Last week, after three to four months of not being able to smell, I was able to smell my fiancé’s decor. I do a scent training that smells like strong oils – it stimulates my sense of smell and while growth is slow, I feel there is improvement. I have never smelled any household cleaner before. Now, at least I can get a whip. I recently smelled something that I hadn’t smelled in months, and I cried.
It may seem silly, but smells and tastes are a big part of our happiness, joy, social experience and happiness.
I had previously walked five miles[5 km]to the park or played tennis. I can’t do anything at this time. As I walk around the mall, I have to walk a little slower than I did before my covi infection. Fast forward two months, and I began to believe that I had beaten this thing. Breathing is normal but in any case exercise is very difficult. My heartbeat is distorted. It shows graphs showing how my Fitbit’s heart rate fluctuates up and down.
Body aches and pains have become commonplace. One day my neck and back are next to my arms and legs. It’s really hard to talk about countless physical symptoms without people realizing they are thinking about your mental health. And you can’t live on painkillers, so you have to try something more comprehensive, such as meditation. I have an app on my phone and I do breathing exercises that focus on my breathing – this is a kind of meditation. It makes me sleep soundly.
Instead of trying to take a lot of painkillers during the day, I do breathing techniques. I try to fill my time with healthy stimuli such as music, yoga, supplements, and personal interactions. My heart is recovering and I am breathing well.
But I feel like I’m 20 years old. In the past, I was not able to stay awake until midnight at 08.30. But things have changed. I can’t get out of bed before 7 o’clock in the morning, so the sky will help me if I need to get anywhere before 8 o’clock in the morning.
Coping with hair loss
I began to experience what I called Pinprick. A week later, my hair started to fall out. I had very thick hair and it started to fall out a little. It was so bad that I had to get a wig. I think I took chemotherapy. As a result, blood tests were done, and my thyroid, sugar, kidneys, and iron levels were all healthy and normal, but that did not stop my hair from falling out.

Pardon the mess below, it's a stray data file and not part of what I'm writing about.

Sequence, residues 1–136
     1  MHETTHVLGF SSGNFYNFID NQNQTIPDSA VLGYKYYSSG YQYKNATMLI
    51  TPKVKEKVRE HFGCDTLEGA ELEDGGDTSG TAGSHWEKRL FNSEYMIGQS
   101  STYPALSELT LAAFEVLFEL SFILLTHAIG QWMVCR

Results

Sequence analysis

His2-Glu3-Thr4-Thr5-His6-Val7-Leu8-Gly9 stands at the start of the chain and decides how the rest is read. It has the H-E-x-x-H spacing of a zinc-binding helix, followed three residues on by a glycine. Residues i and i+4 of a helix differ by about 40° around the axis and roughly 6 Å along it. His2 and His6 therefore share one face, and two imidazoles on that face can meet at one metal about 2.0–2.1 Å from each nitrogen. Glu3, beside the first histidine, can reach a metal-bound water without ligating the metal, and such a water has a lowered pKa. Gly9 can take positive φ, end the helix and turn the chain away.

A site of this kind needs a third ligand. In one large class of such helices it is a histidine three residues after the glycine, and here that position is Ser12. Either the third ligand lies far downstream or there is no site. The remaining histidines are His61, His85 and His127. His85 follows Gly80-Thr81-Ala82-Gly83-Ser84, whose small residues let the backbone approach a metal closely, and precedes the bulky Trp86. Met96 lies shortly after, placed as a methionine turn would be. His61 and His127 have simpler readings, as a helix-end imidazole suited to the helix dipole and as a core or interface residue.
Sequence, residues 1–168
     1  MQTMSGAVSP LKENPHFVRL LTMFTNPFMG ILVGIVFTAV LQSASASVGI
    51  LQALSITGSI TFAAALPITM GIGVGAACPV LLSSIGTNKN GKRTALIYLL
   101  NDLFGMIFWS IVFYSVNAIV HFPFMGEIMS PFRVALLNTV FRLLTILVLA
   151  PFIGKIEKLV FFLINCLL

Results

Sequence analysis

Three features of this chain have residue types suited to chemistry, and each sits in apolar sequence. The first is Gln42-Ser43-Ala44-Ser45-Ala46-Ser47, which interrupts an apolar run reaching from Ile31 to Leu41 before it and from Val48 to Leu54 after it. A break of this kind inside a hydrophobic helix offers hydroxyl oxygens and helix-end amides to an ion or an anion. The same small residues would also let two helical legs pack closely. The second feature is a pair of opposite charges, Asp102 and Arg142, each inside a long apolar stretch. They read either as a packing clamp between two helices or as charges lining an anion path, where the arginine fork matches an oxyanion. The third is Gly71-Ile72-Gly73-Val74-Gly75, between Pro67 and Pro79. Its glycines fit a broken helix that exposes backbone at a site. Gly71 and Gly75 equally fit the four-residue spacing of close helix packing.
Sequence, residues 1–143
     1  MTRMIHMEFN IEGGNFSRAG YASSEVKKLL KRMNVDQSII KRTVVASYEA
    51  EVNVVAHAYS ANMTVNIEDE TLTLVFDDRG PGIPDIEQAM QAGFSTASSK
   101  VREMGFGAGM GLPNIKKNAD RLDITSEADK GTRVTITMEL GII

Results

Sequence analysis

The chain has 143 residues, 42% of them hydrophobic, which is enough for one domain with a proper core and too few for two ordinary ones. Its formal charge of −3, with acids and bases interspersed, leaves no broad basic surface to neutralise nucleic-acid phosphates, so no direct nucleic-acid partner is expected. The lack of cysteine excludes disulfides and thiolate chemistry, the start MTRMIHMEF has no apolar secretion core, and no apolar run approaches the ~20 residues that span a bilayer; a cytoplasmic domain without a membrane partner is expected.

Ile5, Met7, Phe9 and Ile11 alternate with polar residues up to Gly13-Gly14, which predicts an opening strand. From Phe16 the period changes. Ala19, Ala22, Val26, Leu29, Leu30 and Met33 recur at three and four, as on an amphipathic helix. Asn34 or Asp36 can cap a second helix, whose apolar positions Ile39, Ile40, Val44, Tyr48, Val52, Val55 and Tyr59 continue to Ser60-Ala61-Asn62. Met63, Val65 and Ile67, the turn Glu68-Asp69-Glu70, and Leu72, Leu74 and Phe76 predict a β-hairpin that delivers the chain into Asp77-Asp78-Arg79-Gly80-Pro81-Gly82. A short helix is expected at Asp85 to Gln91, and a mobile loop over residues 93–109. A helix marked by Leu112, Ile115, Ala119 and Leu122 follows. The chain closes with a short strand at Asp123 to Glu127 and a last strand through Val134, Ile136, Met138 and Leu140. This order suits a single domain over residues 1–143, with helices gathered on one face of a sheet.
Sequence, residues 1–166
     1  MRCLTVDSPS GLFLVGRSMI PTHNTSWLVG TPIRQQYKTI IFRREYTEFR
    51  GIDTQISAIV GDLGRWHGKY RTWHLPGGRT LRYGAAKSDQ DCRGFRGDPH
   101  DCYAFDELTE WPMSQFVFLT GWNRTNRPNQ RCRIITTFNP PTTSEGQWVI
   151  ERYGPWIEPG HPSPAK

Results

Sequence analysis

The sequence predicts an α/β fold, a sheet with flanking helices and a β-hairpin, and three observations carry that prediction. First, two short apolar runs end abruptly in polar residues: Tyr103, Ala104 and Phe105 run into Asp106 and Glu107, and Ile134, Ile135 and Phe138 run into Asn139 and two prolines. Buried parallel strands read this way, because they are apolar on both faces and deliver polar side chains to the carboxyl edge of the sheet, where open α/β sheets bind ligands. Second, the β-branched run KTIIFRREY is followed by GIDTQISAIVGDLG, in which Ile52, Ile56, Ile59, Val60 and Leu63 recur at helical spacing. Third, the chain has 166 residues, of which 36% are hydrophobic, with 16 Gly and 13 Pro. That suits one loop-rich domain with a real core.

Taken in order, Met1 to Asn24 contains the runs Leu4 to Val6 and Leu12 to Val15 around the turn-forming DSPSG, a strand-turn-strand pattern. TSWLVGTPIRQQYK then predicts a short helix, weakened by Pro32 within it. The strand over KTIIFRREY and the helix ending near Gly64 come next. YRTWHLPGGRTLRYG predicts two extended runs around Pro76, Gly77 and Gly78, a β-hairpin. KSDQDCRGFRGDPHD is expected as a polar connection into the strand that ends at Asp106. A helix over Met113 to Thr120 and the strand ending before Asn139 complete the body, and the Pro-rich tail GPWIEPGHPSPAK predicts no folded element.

In about a week, I will finally be diagnosed with cancer. I have short hair that is less than an inch long. I spent a lot of money on treatments and nothing was done to stop it.
I make fun of him to hide his fears again without hair – he feels like he can be real.
There is a condition called Telegen influenza. It is not necessarily associated with HIV, but with viral infections – covine. And in extreme cases you will lose all your hair. So your body is trying to take care of all the important parts of your body, and the last thing to worry about is your hair. Explains my experience.
It’s amazing how many people Covin is tall and not talking about it. Suffering in silence only makes you more anxious because you do not know what to do and where to go. I definitely had PTSD and needed advice. I talk to my coach and they help me with my triggers, and he helps me in this ordeal.
A changed personality
I seem to have completely changed my personality because I am so weak, I used to be Gung-ho About life and very powerful. I was very loud at the party. Now I am not even in the party. My feelings are raw. I have re-examined myself. I don’t want to go out anymore – I’m so scared. I don’t want to take the opportunity to get sick again. I’m having a hard time and I don’t want to be social and go to dinner.
I work in marketing and my life revolves around entertainment, hospitality and events. I don’t want to be there now. I work 100% from home. I received my second vaccine on October 8 and am trying to calm myself down and maintain a good internal conversation.
I weep over the loss and grief of other people. My respect for those who suffer from not only long-term cobweb but also other symptoms has increased, and I want everyone to know that they are heroes in my eyes.
Read | Living with a long covi ‘I survived, but the life I knew was taken from me’